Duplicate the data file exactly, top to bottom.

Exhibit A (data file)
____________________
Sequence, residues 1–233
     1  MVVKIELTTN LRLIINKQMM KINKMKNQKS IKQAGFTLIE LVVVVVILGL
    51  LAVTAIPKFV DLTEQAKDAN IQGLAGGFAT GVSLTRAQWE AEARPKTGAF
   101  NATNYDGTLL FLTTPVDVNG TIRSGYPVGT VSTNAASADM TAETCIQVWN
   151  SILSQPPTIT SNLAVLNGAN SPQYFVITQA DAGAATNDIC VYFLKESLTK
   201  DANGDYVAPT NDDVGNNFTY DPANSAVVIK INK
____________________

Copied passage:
Sequence, residues 1–233
     1  MVVKIELTTN LRLIINKQMM KINKMKNQKS IKQAGFTLIE LVVVVVILGL
    51  LAVTAIPKFV DLTEQAKDAN IQGLAGGFAT GVSLTRAQWE AEARPKTGAF
   101  NATNYDGTLL FLTTPVDVNG TIRSGYPVGT VSTNAASADM TAETCIQVWN
   151  SILSQPPTIT SNLAVLNGAN SPQYFVITQA DAGAATNDIC VYFLKESLTK
   201  DANGDYVAPT NDDVGNNFTY DPANSAVVIK INK